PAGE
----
The Holy Monastery of Stavronikita

The Monastery of Stavronikita (Greek: Σταυρονικήτα) is one of twenty monasteries on the Mount Athos peninsula and is located on the northeastern side of the peninsula at an elevation of about 50 meters (160 feet) above the sea. It is fifteenth in hierarchical rank among the monasteries. Stavronikita is the most recently built monastery on Mount Athos. It is also the smallest monastery among the twenty monasteries and is dedicated to St. Nicholas. Stavronikita has been a coenobitic (communal) monastery since 1968.

There are various conflicting traditions and stories regarding the monastery’s name. According to one Athonite tradition, the name is a combination of the names of two monks, Stavros and Nikitas, that used to live in two cells at the site before the monastery was built. Another tradition recounts of a Byzantine army officer serving under the Byzantine Emperor John I Tzimiskes, named Niceforus Stavronikitas that built the monastery and named it after himself. Yet a third tradition attributes the foundation of the monastery to a patrician by the name Nikitas. The patrician’s name day according to the Eastern Orthodox calendar of saints is celebrated the day after the Feast of the Cross. Hence according to this tale the monastery got its name by combination of the patrician’s name with the word “Stavros” (the Greek word for cross).

The many conflicting tales of the monastery’s name hint to the obscurity of its historical origins. In a document by the Protos Nikiforos dating back to 1012 there is the signature of a monk who signs as “Nikiforos monk from Stravonikita” (Greek: “Νικηφόρος μοναχός ο του Στραβωνικήτα”), while in a 1016 document, the same monk signs as “from Stavronikita”(Greek: “του Σταυρονικήτα”). This alludes to the existence of a Stavronikita monastery as late as the first half of the 11th century.

This early part of the monastery’s history ended approximately during the first half of the 13th century when the monastery was deserted due to constant pirate raids as well as due to the tremendous impact caused by the Fourth Crusade to the whole of the Byzantine Empire. The deserted monastery came initially under the jurisdiction of the Protos and later under the jurisdiction of Koutloumousiou monastery and later Philotheou monastery and functioned as a skete. In 1533, The monks of Philotheou sold Stavronikita to the abbot of a Thesprotian monastery, Gregorios Giromeriatis (Greek: Γρηγόριος Γηρομερειάτης). In 1536, a patriarchical edict by Patriarch Jeremias I reinstated Stavronikita’s status as one of the monasteries of Athos, bringing their total number to 20. Therefore, Stavronikita became the last officially consecrated monastery of Athos and is usually referred as the last monastery to be added to the athonite hierarchy.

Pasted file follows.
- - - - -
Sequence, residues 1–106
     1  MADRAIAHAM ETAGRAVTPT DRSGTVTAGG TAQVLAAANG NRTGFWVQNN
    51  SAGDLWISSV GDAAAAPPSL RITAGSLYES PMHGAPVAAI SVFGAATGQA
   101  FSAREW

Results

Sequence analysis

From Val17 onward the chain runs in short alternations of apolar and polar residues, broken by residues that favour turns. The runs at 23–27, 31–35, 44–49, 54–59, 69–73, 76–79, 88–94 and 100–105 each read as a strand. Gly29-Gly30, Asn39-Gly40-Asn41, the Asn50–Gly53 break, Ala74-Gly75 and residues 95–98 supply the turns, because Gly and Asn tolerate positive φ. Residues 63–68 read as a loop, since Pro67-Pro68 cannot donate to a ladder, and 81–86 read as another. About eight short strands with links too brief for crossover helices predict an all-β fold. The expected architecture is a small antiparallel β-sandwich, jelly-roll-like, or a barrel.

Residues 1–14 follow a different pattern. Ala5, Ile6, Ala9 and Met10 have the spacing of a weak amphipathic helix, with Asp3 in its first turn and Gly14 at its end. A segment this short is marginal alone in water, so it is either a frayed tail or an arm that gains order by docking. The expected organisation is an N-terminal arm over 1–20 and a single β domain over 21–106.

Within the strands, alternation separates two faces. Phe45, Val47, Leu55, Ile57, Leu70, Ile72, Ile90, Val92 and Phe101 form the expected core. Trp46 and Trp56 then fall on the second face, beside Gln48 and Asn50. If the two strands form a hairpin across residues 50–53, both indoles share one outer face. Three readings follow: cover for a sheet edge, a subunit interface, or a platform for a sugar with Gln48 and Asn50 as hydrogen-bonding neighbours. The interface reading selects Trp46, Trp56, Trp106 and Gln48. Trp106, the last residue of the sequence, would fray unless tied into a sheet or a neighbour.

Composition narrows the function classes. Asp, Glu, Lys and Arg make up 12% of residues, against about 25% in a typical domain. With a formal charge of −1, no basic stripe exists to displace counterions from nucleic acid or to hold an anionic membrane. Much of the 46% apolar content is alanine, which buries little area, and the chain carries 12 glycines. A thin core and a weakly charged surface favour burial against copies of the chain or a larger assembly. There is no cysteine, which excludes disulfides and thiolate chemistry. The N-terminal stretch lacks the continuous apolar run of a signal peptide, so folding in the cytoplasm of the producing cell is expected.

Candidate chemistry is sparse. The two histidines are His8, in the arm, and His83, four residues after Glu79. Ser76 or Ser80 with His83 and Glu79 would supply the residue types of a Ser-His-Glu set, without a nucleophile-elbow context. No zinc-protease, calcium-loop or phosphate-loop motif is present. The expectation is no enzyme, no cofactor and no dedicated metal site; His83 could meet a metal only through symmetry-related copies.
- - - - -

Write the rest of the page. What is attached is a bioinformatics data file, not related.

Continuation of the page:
The subsequent history of the monastery was marked by the fact that it always remained small in comparison to other athonite monasteries, both in property and in number of monks. Despite the repeated aid by the athonite community as well as by important benefactors, such as archon Servopoulos in 1612, the monk Markos in 1614, the people of Kea in 1628, Thomas Klados in 1630 and the Prince of Wallachia, Alexandru Ghica from 1727 to 1740, the monastery’s evolution was constantly hampered partly by quarrellings with nearby sketes and monasteries, most notably with Koutloumousiou monastery, over matters of land property and more importantly by two great fires in 1607 and in 1741 that burnt Stavronikita to the ground. However, the monastery continued to grow. In 1628 the catholicon was renovated and in 1770 the monastery’s well-known aqueduct was built along with some of its chapels.

Stavronikita is the smallest of all athonite monasteries. Important sights of the monastery are its characteristics, the tower at the entrance, its aqueduct, as well as its centuries old cypress outside the western corner of the complex.

The catholicon of the monastery is dedicated to Saint Nicholas and is the smallest catholicon among its other athonite counterparts. It was built during the 16th century above a church that existed before and was dedicated to Theotokos. The catholicon is decorated with frescoes and an iconostasis by the famous icon-painter Theophanes of Crete and his son Symeon. The monastery’s refectory is located on the upper floor at the southern side of the complex and bears some important iconographies.